The cell and gene therapy field has made progress despite the COVID-19 pandemic, according to Janet Lambert, CEO of the Alliance for Regenerative Medicine (ARM), which organized the three-day event.
"Six new regenerative medicines were approved globally in 2021, the second-best year on record," she told the audience in her opening speech. "(2021) was also the best year on record for CAR T-cell therapies, with three approvals. Just in the last few weeks, one of the earliest CAR T-cell therapies, [axicabtagene ciloleucel] Yescarta, was approved by the [U.S. Food and Drug Administration] as an early lymphoma treatment."
What's more, proof of concept that CRISPR gene editing can work when inserted in vivo was delivered for the first time in 2021, with additional promising data released earlier this year.
In all, 2,406 clinical trials involving cell, gene, and tissue-based therapy are currently underway worldwide. Half of those studies are being conducted by 1,300 corporate therapeutic developers, a number that has grown by nearly 20% over the past year alone.
In addition, 2022 could be a breakout year for the approval of new gene therapies to treat rare disease, with four such therapies up for approval across the U.S. and Europe, Lambert added.
"The promise of treating serious rare disease with transformative therapies has never been brighter," she said.
The cell and gene therapy sector is also making great strides on the path toward helping larger patient populations, with 52% of global clinical trials targeting cancer and nearly half of those trials targeting cancers such as gastrointestinal, skin, and breast cancer.
In addition, 60% of total clinical trials in the cell, gene, and tissue space are targeting prevalent diseases such as diabetes and related complications, as well as central nervous system (CNS) diseases including Parkinson's.
This scientific progress has been driven by a robust global investment environment, which has in turn fueled incredible scientific advances, Lambert explained.
"Investment in our sector has grown from nearly $10 billion in 2019 to nearly $20 billion in 2020 and $22.7 billion in 2021," she said. "There are still significant challenges for biotech companies to be tackled but long-term investment in the sector remains robust."
Paying for the coming wave of ATMPs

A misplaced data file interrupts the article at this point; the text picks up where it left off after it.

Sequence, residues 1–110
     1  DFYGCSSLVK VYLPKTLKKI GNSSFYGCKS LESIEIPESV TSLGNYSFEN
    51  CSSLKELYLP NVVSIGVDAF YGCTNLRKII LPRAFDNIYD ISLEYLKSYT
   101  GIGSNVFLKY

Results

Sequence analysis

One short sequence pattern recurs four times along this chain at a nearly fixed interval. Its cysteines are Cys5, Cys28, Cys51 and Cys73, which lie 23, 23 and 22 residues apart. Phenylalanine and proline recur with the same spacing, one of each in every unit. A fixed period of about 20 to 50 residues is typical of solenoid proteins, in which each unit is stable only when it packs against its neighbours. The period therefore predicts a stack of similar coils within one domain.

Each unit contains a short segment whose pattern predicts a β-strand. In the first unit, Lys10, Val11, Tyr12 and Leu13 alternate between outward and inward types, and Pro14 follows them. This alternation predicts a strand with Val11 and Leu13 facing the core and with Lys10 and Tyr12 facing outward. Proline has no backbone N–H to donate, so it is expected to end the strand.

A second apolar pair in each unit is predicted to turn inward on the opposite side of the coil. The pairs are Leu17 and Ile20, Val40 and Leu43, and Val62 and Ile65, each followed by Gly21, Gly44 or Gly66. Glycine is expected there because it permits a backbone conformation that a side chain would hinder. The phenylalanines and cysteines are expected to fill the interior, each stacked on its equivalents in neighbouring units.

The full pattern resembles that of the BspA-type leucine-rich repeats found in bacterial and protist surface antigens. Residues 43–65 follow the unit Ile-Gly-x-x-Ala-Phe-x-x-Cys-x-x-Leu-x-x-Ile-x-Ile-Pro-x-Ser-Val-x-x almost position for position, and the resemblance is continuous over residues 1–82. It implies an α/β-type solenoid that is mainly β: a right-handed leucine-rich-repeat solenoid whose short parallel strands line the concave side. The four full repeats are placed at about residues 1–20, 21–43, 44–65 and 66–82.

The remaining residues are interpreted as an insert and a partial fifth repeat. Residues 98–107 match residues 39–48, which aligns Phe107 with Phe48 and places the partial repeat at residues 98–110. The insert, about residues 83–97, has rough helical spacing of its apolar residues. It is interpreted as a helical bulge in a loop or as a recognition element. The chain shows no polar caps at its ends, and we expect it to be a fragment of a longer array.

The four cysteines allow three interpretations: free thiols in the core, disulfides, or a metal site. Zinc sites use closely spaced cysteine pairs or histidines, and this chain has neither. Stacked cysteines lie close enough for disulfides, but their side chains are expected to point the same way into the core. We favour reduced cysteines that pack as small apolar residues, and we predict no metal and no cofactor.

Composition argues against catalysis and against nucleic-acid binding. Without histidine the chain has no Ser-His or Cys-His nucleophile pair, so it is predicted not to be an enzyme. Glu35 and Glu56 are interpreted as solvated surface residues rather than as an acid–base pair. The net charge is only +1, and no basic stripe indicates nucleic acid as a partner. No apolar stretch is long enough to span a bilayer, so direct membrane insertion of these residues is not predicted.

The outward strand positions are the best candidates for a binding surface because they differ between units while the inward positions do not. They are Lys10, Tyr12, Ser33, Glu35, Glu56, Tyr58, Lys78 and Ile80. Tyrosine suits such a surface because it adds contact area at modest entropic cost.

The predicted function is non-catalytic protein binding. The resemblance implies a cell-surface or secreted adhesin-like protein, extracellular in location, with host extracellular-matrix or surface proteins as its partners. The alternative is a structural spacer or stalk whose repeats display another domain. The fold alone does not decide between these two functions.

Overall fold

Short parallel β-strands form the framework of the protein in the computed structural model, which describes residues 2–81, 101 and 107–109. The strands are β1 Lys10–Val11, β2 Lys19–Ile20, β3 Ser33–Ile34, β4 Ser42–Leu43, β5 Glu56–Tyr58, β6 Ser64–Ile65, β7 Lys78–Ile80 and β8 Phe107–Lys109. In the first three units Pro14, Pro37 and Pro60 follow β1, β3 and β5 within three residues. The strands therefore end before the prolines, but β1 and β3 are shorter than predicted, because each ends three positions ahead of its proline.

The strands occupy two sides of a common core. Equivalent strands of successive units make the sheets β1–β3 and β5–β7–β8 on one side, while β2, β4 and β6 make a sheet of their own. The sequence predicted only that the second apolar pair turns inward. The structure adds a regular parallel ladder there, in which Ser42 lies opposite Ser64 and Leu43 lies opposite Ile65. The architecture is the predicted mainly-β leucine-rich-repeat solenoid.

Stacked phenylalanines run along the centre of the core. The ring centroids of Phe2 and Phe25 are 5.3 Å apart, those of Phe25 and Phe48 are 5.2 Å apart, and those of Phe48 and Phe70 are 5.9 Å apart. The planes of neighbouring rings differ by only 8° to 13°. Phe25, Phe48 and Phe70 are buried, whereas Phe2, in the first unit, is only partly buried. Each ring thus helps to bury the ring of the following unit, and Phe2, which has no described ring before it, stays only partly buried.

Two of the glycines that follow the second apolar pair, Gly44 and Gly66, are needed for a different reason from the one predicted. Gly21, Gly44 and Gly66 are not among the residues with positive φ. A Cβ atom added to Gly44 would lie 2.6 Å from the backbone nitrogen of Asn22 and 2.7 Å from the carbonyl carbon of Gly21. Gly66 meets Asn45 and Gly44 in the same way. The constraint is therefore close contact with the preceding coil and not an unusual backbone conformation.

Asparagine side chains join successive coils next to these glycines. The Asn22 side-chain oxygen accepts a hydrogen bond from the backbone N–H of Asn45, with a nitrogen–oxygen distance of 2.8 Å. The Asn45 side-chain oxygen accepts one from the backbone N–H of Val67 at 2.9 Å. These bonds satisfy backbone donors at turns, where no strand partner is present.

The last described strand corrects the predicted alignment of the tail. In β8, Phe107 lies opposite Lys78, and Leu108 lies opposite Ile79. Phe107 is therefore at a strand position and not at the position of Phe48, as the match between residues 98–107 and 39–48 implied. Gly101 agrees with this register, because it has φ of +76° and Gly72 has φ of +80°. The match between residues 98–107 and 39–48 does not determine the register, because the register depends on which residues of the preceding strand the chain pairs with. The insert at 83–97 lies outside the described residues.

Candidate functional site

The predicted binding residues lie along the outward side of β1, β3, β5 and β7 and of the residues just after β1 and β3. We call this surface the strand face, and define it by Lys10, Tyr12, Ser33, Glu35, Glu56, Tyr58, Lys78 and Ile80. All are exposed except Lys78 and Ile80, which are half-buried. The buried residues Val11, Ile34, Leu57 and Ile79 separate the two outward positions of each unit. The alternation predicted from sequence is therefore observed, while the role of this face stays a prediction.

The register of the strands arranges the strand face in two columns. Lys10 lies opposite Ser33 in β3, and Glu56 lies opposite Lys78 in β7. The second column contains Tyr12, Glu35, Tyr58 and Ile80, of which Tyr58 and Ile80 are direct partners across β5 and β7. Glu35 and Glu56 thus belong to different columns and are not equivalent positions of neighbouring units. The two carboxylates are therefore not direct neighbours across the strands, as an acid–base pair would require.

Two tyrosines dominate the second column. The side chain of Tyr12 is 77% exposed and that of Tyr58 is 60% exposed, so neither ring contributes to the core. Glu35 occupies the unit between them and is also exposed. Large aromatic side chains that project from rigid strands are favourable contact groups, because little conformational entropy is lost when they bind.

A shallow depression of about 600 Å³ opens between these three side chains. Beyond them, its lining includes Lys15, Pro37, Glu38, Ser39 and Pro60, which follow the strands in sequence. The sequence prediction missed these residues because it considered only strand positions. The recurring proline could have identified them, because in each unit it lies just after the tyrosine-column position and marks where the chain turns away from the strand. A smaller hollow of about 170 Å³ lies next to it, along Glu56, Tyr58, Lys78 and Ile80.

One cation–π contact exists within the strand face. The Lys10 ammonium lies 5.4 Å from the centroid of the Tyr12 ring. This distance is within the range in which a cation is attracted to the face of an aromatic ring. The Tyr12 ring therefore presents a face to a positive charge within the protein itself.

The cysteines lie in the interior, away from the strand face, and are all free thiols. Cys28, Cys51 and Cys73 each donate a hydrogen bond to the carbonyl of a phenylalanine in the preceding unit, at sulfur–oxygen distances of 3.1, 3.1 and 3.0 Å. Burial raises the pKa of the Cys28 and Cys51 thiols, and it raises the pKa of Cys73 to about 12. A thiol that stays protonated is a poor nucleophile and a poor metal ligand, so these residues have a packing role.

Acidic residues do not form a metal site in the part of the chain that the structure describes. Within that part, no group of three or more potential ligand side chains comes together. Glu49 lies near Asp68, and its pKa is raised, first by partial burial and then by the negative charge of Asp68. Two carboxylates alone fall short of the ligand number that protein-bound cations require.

How to pay for the next wave of advanced therapy medicinal products (ATMPs) was the focus of a panel discussion moderated by Francis Pang, vice director and head of global markets access at Orchard Therapeutics.
Speakers pondered how to establish earlier discussions among developers, payers, and health technology assessment (HTA) authorities in Europe. They also addressed cross-border barriers that can delay patient access.
"The ATMPs field is at a critical inflexion point," Pang said. "The main objective is for HTA developers to bring to market products which add value to patients but also (to) healthcare ecosystems."
These sentiments were echoed by Valérie Paris, president of the Economic and Public Health Committee at the French National Authority for Health, who spoke in the session from Paris.
"The role of HTA is to give more information about the value of a new or already existing product ... and to provide economic assessment and assess opportunity costs of these new therapies," Paris said.
In Europe, each country has its own process to define the reimbursement policies of the products that are coming on the market, but consensus is emerging, she explained.
"We're seeing and expecting to see more and more consensus on the clinical front of this assessment of public benefit ... and we really hope to obtain an agreement of HTA release about the clinical added value of a new product," she said.
There is no reason to judge the value of ATMPs differently to other products, she added.
"Economic evaluation is in principle the best way to give justice to [ATMPs] because you'll be able to demonstrate that the new product brings benefits over time," she said.
The two main challenges with ATMPs are to collect enough data even after launch to be able to prove and show benefit over time, and to meet countries' expectations in terms of willingness to pay, she explained.
"That's the tricky part, because not every country publishes thresholds on their willingness to pay for such therapies," Paris said.
Patients don't care about innovation, but rather about how it translates into patient care, according to Yann Le Cam, CEO of the EURORDIS-Rare Diseases Europe, who also took part in the discussion.
"With ATMPs ... the value at the end is if you get the medicine for you or your relatives," he said. "This is what counts."
"By 10 years, we expect to see three to five times more medicines, two to three times cheaper," he added. "We want to have many more therapies for rare diseases."
More resources should be allocated to rare diseases, as few treatments are available today.
"It's more difficult to assess a product's value for rare diseases than for cancer. The conversation is more difficult with rare diseases. If we agree that the objective down the road is to make medicine more accessible, then it should be cheaper," Le Cam concluded.